Five Closing Tactics to Book Group Business

Book group business

Blazingly successful group sales managers and directors don’t wait to initiate the close. They work the close right from the start.

Today’s meeting planners are savvy decision makers not easily swayed by standard sales tactics. Closing the sale is not the climax of the buyer’s journey, nor the final ‘make it or break it’ moment. Rather, it’s a shift to advise, provide value, and offer the right tools throughout the entire sales process.

Follow these five closing strategies for each meeting planner and each event, from proposal to contract, to successfully book group business.

Don’t Just Proclaim Service—Prove It
Meeting planners are looking for partners and for a team they can trust to help execute their visions. This is why demonstrating—not just praising—your hotel’s service culture is crucial to winning each piece of business. It’s one thing to simply promise wonderful guest service and another to prove it. Competitors often offer equally amazing venue options—spend less time showing off the venue and more time in the back of the house showing how your team works together to make meetings and events shine.


Be a Standout, Not Standard
Meeting planners see, hear from, and visit hundreds of properties every year. It’s vital that you set yourself apart consistently, especially among hotels in the same destination. After all, hotels in the same city tend to start looking and sounding alike on paper. Help planners distinguish your property from the bunch. Don’t blend in. Instead, stand out at every touch point–from your proposals, photos and sales copy to your group offerings and meeting amenities. Own your hotel’s “it factor” and convey it each and every time.

Stop Pushing, Start Advising
Ditch high-pressure sales tactics. Meeting planners want to work with advisors who understand their objectives and offer insight to help achieve them. Position yourself as a trusted meeting advisor and an expert in your destination and its group offerings. Does your customer want suggestions for area spousal programs or unique off-site dinners? Send a curated list of suggestions, adding why they are a great fit for their group. Don’t simply send a link to a directory of restaurants and activities, forcing planners to do the legwork. Become relevant to their success and indispensable by offering unique insight, intentional suggestions, and value.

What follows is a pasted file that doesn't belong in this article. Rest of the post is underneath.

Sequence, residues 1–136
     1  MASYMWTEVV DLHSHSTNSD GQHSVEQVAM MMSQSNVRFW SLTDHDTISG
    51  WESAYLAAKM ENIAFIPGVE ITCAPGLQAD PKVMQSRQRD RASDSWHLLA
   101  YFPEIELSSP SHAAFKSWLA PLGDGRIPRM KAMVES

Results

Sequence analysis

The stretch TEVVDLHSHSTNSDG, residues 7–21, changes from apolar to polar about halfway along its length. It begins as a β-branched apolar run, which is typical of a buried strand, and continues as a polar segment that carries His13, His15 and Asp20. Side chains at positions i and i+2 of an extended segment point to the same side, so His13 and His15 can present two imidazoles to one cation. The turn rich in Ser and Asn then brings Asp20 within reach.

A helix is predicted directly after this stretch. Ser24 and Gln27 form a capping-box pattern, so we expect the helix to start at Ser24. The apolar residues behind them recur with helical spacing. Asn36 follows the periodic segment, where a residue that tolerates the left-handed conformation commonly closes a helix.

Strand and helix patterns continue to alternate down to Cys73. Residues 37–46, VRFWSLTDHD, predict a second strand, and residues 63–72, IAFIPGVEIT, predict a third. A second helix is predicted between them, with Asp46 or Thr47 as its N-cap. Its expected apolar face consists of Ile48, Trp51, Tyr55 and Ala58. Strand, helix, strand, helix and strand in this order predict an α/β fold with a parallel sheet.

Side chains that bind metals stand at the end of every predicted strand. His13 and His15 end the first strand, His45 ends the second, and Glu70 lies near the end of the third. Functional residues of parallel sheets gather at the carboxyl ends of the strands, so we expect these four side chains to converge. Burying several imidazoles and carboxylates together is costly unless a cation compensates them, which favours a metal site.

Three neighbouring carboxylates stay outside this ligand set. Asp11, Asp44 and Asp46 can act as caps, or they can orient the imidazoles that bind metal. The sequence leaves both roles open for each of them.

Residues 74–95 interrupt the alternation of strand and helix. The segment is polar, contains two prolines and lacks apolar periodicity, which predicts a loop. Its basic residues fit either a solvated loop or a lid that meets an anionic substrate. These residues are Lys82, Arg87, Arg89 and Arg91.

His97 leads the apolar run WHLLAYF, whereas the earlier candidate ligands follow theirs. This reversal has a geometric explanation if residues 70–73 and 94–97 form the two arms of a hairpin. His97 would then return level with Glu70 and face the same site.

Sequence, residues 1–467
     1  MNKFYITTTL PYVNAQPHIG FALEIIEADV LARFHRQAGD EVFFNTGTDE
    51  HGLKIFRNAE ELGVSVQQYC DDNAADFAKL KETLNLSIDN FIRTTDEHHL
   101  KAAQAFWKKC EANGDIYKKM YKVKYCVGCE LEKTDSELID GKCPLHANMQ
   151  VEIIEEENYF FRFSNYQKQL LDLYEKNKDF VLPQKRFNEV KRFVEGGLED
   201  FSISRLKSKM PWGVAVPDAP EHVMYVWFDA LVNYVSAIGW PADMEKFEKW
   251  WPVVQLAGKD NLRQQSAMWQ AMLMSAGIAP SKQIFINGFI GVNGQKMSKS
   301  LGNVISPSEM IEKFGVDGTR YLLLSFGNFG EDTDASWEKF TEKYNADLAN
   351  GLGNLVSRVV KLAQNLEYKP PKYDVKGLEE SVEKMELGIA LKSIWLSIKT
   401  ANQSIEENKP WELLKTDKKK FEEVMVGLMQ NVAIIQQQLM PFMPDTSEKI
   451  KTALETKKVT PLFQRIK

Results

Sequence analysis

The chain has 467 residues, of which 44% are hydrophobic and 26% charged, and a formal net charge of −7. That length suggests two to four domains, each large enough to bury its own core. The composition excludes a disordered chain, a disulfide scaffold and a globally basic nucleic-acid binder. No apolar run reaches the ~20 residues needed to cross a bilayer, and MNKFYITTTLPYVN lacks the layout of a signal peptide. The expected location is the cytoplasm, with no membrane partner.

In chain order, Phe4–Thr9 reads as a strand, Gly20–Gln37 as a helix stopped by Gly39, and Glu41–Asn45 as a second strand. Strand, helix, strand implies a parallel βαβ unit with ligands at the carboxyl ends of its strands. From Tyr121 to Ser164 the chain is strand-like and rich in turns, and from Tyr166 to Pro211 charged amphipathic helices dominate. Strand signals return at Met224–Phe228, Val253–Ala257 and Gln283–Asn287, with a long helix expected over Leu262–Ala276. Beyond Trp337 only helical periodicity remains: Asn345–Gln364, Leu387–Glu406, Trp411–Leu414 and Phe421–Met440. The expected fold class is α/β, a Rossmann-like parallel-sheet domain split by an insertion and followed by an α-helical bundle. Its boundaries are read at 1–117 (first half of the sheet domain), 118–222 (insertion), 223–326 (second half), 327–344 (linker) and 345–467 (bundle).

Think Like Your Customer
Stay one step ahead of meeting planners during their site search by understanding what they need and want. Learn their definition of a successful event and show that your team is ready to deliver it. Respond within hours to their questions or request for proposal. Help them visualize their event at your property with 360-degree video tours of venue space, photos of previous events, and tailored floor plans showing their configurations and event footprint. Plan site tours around their meeting needs, not yours. Every interaction you have with the meeting planner should be about achieving their meeting objectives, not your room night goals.

Keep a Steady Eye on the Comp Set
With all the ways to monitor your competition, you should never be stupefied if another property outperforms yours. Smart group sales departments routinely chase key insights into their comp set, and are constantly aware of what incentives they’re offering and their success rate. How are they positioning themselves in the meetings market? What’s their unique selling proposal and key marketing message? What meeting amenities and experiences do they offer? What meeting promos are they running? What are their hot dates? And, most importantly, how can you sell against them? It’s not enough to scrutinize the comp set once; this should be ongoing. The more you know about competing properties, the better you can anticipate their moves with any piece of business you’re both vying for.


About the Author
Kemp Gallineau is the CEO of Groups360, a hospitality company bringing transparency and simplicity to meetings transactions. Gallineau is the former CSO for Gaylord Entertainment, SVP and GM for three of the largest hotels in the United States

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